Outstanding amongst the family at this time was Thomas Skinner (died c.1411), MP for Shrewsbury; Thomas Skinner (died 1596), master of the Worshipful Company of Clothworkers and a London Alderman elected Sheriff in 1587 and Lord Mayor of...

Another 37 words (3 lines of text) are included under the topic Early Skinier Notables in all our PDF Extended History products and printed products wherever possible.

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The Great Migration


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The Great Migration



Many English families emigrated to North American colonies in order to escape the political chaos in Britain at this time. Unfortunately, many English families made the trip to the New World under extremely harsh conditions. Overcrowding on the ships caused the majority of the immigrants to arrive diseased, famished, and destitute from the long journey across the stormy Atlanti c. Despite these hardships, many of the families prospered and went on to make invaluable contributions to the development of the cultures of the United States and Canada. Early North American immigration records have revealed a number of people bearing the name Skinier or a variant listed above: John Skinner (1590-1650), an early Puritan settler in the Massachusetts Bay Colony and one of the founders of Hartford, Connecticut; Thomas Skinner who settled in Virginia in 1606.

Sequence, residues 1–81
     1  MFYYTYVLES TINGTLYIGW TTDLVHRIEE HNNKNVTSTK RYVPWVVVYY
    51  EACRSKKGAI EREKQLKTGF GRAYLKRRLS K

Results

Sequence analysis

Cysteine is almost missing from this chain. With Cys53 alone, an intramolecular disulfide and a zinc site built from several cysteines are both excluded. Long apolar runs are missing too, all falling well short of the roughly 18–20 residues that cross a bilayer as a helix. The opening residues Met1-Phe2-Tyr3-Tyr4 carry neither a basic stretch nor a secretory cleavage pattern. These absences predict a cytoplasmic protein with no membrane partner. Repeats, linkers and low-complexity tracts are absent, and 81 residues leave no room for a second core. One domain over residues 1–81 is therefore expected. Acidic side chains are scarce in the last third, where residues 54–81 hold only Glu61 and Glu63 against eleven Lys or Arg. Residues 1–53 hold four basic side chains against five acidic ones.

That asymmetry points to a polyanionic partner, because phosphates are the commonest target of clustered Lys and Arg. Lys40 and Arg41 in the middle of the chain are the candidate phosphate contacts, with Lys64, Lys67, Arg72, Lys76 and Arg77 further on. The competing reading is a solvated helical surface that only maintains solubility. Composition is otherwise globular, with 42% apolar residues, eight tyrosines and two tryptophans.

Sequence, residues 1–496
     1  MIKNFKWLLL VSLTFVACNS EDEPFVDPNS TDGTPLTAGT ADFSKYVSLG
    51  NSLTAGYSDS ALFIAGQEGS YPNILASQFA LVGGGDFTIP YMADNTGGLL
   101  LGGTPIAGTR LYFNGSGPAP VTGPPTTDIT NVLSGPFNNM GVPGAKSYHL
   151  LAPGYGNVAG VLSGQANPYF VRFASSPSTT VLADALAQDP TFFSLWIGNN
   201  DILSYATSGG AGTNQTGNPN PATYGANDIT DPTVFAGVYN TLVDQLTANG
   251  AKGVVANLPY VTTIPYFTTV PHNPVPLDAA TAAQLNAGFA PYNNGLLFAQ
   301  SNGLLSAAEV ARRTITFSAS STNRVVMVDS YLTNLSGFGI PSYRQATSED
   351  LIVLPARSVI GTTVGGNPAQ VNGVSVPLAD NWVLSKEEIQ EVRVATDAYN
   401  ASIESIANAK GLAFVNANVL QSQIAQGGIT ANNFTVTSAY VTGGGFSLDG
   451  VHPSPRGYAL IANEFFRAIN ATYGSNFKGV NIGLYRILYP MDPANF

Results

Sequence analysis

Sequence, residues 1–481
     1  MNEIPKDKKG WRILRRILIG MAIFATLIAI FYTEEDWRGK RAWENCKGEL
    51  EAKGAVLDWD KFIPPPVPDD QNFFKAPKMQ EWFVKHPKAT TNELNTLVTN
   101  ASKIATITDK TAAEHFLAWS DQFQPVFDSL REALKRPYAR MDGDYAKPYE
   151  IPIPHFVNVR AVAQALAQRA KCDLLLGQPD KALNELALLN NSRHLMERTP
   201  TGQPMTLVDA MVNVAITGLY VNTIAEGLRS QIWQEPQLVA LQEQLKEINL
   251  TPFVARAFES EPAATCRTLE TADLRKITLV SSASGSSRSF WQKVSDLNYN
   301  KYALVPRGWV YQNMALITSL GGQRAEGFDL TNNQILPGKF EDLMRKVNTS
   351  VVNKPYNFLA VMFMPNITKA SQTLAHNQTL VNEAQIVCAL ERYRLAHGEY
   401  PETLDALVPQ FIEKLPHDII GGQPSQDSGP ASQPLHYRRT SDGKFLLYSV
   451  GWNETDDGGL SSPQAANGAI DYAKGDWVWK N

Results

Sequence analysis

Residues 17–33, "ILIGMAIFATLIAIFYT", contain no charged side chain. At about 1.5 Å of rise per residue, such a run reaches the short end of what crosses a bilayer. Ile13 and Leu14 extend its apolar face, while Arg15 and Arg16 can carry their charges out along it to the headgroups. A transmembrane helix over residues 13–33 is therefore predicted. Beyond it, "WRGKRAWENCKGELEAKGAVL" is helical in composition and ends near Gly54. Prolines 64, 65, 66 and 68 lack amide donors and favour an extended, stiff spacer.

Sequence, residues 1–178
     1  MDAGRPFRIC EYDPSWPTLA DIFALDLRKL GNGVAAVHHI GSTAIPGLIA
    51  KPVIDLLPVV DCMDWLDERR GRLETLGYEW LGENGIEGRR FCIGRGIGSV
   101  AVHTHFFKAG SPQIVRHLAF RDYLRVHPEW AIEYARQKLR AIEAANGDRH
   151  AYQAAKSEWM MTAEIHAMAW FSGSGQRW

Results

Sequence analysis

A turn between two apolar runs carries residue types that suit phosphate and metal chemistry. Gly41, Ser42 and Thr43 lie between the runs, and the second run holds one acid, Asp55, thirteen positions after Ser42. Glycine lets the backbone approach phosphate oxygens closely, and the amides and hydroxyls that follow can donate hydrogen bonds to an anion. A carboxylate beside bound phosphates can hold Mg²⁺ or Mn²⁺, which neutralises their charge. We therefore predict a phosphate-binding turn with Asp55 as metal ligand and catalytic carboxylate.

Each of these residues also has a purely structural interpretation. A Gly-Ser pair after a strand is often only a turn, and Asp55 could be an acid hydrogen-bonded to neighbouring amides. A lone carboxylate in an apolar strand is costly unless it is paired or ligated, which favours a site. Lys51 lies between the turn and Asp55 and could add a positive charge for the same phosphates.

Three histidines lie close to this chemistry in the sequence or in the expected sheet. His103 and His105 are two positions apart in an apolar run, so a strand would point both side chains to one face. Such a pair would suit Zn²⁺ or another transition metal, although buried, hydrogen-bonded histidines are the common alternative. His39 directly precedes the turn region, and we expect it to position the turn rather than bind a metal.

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Motto


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Motto



The motto was originally a war cry or slogan. Mottoes first began to be shown with arms in the 14th and 15th centuries, but were not in general use until the 17th century. Thus the oldest coats of arms generally do not include a motto. Mottoes seldom form part of the grant of arms: Under most heraldic authorities, a motto is an optional component of the coat of arms, and can be added to or changed at will; many families have chosen not to display a motto.

Motto: Sanguis et vulnera
Motto Translation: Blood and wounds.


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Skinier Family Crest Products